The Evolution of Intraspecific Brood Parasitism in Birds and Insects.

Research paper by AG Zink

Indexed on: 16 Mar '00Published on: 16 Mar '00Published in: The American naturalist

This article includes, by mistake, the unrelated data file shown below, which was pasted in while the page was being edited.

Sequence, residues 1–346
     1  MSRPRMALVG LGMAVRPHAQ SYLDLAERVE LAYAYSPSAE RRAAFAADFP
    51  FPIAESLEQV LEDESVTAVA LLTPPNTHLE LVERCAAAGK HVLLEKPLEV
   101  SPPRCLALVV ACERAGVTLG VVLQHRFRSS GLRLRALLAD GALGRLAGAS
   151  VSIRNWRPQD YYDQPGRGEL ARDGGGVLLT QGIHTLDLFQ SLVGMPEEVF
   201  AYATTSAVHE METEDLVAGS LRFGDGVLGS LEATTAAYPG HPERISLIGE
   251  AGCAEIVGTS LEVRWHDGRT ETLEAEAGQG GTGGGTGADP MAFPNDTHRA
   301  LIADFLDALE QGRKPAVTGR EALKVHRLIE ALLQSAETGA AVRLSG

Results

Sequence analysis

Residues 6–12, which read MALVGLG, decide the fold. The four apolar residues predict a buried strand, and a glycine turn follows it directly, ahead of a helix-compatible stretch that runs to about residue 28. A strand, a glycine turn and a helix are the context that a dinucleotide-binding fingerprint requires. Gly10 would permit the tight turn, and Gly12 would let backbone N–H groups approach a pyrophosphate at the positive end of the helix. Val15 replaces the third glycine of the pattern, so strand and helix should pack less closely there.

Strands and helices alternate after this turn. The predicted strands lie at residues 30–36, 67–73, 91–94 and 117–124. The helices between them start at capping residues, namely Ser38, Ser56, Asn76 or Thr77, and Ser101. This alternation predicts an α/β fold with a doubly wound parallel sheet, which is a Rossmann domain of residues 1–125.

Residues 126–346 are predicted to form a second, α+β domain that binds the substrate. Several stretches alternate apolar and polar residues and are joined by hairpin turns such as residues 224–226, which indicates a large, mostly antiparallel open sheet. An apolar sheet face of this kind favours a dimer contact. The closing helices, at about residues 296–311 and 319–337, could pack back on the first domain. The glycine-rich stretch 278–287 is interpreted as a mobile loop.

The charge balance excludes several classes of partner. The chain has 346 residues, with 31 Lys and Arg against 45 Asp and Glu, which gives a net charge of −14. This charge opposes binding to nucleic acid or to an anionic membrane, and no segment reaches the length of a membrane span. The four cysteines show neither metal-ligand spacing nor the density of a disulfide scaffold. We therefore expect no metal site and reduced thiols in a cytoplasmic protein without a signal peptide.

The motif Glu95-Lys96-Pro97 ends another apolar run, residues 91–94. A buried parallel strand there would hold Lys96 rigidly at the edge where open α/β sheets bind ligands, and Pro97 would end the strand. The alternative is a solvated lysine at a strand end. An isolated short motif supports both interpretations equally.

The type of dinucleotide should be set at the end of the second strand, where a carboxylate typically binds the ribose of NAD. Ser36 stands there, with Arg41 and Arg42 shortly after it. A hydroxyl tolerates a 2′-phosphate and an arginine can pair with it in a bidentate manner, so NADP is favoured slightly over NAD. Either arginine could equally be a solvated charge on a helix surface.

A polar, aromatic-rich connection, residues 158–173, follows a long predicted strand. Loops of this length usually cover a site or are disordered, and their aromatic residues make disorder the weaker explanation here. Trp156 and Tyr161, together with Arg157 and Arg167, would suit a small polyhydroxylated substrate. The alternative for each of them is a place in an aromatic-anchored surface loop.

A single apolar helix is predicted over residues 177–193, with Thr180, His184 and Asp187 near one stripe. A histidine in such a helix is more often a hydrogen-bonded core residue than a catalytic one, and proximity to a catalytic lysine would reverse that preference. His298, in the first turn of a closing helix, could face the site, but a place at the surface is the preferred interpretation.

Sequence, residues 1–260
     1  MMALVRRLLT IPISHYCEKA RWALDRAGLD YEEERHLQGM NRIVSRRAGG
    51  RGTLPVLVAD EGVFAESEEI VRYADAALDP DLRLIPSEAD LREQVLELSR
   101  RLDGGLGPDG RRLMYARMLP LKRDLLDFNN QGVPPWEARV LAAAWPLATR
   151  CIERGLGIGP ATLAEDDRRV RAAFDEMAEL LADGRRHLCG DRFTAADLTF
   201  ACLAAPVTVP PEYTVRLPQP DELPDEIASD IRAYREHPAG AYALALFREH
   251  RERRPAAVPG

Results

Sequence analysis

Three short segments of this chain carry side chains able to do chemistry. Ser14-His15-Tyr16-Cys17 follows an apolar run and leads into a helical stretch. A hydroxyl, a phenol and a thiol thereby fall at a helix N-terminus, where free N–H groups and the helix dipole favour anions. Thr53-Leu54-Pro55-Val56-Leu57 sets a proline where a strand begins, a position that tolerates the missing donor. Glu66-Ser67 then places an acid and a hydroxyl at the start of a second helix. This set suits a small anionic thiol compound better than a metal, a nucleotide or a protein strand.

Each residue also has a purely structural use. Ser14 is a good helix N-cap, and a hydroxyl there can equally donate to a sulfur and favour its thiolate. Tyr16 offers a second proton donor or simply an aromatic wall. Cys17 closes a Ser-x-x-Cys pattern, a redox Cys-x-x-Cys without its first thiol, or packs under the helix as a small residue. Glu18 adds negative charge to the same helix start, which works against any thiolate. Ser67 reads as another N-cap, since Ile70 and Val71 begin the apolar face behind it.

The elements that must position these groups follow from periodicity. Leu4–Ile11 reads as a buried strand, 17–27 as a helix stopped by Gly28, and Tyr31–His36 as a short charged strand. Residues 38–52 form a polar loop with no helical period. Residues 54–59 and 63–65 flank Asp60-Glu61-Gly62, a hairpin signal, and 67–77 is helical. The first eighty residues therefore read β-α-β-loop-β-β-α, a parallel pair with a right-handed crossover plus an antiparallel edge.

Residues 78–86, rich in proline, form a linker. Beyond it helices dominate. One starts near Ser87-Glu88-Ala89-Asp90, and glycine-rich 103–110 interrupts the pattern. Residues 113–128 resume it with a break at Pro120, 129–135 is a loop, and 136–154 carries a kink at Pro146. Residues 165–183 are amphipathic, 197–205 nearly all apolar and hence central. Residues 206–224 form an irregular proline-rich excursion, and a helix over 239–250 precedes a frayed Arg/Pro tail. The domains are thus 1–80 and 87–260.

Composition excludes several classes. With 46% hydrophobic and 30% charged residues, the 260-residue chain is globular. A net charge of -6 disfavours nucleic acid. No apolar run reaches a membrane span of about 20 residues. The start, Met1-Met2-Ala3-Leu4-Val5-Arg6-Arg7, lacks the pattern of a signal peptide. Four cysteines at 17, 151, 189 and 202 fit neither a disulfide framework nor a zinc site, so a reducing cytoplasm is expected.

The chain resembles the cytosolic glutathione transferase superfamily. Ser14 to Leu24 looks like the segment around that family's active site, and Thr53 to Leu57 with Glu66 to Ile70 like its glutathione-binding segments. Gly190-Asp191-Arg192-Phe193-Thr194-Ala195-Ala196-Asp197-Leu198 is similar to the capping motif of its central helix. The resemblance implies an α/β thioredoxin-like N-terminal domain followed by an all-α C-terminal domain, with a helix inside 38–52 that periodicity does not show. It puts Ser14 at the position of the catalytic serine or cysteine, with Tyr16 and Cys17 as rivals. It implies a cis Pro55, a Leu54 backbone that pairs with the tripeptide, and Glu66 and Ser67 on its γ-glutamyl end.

Many species of birds and insects engage in intraspecific brood parasitism (IBP), when a female lays eggs in the nest of a conspecific and leaves without providing parental care. These visiting females may also act to cooperate with a primary female, staying to provide parental care. Therefore, IBP and cooperative breeding can be considered extremes on a continuum of parental care provided by a secondary female. When a secondary female abandons a nest, she creates an asymmetry in parental care between herself and the host. While models of asymmetry in reproductive allocation have focused directly on relatedness between females, we lack an appropriate theoretical framework that addresses the effects of relatedness on parental care asymmetry. Here, I present an evolutionarily stable strategy (ESS) model that predicts the conditions under which IBP is favored over cooperation and solitary breeding. Intraspecific brood parasitism is less likely to evolve (relative to cooperation and solitary breeding) as the relatedness between a host and parasite increases. It can evolve, however, if parasites achieve a high overall fecundity relative to solitary females. Constraints on solitary breeding can further promote IBP under some circumstances. Cooperation is favored when relatedness is high and reproductive skew is low. This model makes several predictions regarding the conditions under which IBP may evolve, motivating a variety of experimental approaches.